Software development bugs: How to identify and prevent them

With strong Agile practices such as unit testing, code reviews and proper attention to requirements, bugs can be prevented or found early in the application lifecycle.

No matter how talented the development team, bugs are inevitable in every software coding effort. In this Q&A,

we find out from software developer Dror Helper the proper techniques to find those bugs early in the cycle, when they are least potent.

What types of bugs are typically introduced in each step of the application lifecycle?

An application lifecycle can be divided into five stages: requirements, design, development, testing and deployment. In each stage, a different kind of bug can be introduced. In the requirement stage, we can "forget" one of the requirements which would result in an incomplete product while a bug in the design stage would probably mean that the product does not work as intended.

During the development stage, there are also the bugs that keep appearing – regression bugs as the project progress. It becomes harder and harder not to "break" existing functionality when implementing a new feature and fixing another bug.

What are some reasons simple projects becomes too complex to manage?

As a project grows, it becomes more complex not only because more and more lines of code are written, but also because software tends to change over time. Requirements are added and changed, bugs are found and fixed, and customer feedback changes the product one small feature at a time.

Another key factor is the number of people working on that product. At the start of the product, only a few people are working on it, but as the project progresses, more and more developers, QA analysts and product managers are recruited to the project. As the number of people working on the same project increases, it becomes harder to keep the original design intact. Some team members might change jobs or transfer to another project, taking with them knowledge and expertise.

As the code base becomes larger, it becomes harder to manage, because not all team members know and understand all the aspects of the application they are working on -- resulting in a very complex project.

What can be done to prevent this?

Communication is a key element in keeping the product tidy and simple. All of the development team should understand the key point of the product and knowledge should be shared between the teams working on the product.

It is important to communicate major architecture key points and feature implementations to the whole team so that the resulting code will be consistent.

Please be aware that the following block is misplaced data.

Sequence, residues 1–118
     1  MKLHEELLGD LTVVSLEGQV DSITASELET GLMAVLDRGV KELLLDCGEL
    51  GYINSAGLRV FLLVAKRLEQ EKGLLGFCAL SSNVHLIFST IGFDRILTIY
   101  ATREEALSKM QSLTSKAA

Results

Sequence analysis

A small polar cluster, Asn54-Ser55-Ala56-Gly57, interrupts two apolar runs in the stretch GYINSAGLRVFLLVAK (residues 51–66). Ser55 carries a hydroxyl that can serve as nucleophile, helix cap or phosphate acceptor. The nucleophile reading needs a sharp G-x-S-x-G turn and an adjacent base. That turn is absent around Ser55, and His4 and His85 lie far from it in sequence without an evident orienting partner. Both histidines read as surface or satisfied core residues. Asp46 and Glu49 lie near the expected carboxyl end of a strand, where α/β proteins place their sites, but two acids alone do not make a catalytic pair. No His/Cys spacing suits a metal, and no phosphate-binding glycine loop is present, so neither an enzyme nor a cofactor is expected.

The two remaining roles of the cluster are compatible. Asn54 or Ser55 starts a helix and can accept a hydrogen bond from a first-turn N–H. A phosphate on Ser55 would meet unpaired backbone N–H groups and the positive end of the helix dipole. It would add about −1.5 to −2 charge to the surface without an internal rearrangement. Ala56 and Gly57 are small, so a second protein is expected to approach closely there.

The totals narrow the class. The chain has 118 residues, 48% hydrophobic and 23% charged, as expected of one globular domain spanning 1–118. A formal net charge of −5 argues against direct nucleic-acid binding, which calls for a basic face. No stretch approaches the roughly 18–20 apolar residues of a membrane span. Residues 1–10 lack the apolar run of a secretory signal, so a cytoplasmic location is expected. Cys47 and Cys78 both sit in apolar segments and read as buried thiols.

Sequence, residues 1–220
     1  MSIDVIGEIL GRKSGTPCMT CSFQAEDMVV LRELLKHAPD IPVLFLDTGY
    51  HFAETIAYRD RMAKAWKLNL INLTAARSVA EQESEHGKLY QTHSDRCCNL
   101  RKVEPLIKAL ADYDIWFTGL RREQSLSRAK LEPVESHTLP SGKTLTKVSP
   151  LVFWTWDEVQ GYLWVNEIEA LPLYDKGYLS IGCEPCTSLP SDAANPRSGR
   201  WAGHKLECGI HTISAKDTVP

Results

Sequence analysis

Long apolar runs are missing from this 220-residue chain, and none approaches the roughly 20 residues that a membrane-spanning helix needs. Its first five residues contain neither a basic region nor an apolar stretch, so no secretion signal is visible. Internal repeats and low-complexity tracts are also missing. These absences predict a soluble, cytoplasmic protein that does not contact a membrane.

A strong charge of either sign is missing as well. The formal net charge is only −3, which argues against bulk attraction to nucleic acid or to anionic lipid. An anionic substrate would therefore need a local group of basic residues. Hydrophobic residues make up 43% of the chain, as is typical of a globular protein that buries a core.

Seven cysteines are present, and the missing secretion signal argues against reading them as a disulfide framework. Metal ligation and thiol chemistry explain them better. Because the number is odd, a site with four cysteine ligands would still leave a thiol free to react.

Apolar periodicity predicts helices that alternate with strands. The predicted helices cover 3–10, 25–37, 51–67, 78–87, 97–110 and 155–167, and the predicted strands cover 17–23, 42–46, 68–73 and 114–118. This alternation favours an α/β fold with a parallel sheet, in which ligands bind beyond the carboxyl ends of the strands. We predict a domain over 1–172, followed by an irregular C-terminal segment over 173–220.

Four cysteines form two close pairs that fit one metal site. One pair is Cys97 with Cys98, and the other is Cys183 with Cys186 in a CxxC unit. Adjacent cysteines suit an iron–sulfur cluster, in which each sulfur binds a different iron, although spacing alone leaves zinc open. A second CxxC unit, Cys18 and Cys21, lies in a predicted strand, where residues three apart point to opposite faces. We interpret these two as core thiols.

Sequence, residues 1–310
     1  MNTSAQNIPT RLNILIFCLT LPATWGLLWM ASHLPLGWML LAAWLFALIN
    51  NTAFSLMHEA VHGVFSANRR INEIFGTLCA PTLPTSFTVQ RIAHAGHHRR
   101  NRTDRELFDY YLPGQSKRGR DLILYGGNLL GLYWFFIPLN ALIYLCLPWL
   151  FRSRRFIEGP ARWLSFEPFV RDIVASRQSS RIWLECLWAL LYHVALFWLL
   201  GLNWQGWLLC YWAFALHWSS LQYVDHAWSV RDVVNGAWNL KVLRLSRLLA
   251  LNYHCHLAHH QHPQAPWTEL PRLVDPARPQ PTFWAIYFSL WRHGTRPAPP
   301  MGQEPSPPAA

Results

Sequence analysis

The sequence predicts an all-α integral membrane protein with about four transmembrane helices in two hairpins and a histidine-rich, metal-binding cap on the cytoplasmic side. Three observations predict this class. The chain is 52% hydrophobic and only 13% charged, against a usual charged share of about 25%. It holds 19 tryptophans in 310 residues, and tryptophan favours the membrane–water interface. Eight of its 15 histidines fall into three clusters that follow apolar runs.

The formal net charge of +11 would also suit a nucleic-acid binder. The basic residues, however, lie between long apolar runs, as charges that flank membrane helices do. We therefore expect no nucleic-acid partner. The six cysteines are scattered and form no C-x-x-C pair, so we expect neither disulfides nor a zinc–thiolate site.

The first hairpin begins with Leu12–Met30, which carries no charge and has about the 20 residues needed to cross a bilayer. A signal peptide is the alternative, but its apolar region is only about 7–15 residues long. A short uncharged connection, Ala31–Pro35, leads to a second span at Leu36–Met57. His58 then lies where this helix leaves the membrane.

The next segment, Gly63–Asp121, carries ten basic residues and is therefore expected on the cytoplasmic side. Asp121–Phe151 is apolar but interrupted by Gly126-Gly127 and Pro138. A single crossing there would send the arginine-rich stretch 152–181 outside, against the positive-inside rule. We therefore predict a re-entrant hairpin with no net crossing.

What are some practices that can be used to prevent the most common bugs?

Managing requirements is one of the simplest practices that has a very high ROI. By writing down all of the requirements and tracking them as they progress from design to development, testing and deployment stages.

Keeping the product with as little functionality as needed can reduce the amount of code that's not being used and prevent product bloat. Many Agile practices deal with how to develop exactly what is needed by working vertically and providing value to the customer after a few weeks of development. By showing working pieces of functionality to customers, we can verify that the developed product meets the business needs early in the development process.

Writing unit tests is another simple practice that has benefits not only for the development stage. Writing unit tests helps test the code and prevent regression bugs. But that's not all – the unit tests validate the requirements by running the code one piece at a time and checking the API by using it first by the developer who is responsible for it.

How can bugs be prevented from ever occurring in the first place?

It is impossible to prevent all of the bugs but their number can be reduced by applying unit tests, code reviews and pair programming where applicable.

Should bugs found during unit tests be tracked?

In my opinion, the unit tests are enough documentation and there is no need to track them in an external tool. I would recommend communicating to the QA team the bugs found so that they would be able to write better test plans accordingly.

Dror Helper is an experienced software developer that has written and designed software in various fields including unit testing tools. Dror’s blog can be found at http://blog.drorhelper.com where he writes about unit testing, Agile methodologies, development tools, programming languages and anything else he finds interesting. He is a software engineer at Better Place. He was previously a software developer at Typemock (http://www.typemock.com).

This was first published in January 2012

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